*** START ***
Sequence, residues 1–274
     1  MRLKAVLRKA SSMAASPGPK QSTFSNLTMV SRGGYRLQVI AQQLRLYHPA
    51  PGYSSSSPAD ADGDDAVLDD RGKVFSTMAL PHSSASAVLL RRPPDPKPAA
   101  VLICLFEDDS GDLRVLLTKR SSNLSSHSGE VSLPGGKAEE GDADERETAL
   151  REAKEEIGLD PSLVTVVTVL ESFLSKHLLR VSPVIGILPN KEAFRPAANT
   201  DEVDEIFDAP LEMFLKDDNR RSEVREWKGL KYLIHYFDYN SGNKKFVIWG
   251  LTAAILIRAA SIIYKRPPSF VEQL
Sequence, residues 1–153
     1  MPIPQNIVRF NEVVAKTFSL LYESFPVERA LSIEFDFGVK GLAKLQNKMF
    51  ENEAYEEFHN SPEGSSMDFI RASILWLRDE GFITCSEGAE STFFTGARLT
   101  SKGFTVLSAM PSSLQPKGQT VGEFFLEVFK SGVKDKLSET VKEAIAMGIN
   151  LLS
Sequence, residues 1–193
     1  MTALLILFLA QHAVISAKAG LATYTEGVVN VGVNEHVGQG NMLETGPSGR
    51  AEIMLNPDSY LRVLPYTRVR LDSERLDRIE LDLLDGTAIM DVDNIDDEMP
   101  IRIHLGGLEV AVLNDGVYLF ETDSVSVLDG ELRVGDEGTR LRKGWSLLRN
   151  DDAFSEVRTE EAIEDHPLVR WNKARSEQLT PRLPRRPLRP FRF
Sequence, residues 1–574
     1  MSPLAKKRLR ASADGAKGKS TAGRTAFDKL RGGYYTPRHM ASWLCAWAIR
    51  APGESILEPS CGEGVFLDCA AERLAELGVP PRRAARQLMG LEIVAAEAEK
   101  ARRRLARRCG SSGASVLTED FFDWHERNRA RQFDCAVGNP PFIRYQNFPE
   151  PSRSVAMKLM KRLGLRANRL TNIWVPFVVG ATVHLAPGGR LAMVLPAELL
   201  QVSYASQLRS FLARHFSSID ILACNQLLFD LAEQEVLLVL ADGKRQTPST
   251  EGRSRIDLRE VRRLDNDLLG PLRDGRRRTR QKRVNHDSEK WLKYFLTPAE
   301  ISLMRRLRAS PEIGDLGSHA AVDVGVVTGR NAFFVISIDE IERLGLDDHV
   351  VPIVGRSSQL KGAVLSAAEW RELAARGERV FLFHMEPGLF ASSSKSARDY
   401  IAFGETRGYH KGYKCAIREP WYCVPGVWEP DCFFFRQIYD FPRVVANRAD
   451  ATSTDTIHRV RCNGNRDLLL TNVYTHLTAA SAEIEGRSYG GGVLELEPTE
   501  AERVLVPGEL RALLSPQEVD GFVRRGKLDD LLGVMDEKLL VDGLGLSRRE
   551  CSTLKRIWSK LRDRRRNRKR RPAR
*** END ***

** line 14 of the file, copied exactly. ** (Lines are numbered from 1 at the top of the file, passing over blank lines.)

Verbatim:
     1  MTALLILFLA QHAVISAKAG LATYTEGVVN VGVNEHVGQG NMLETGPSGR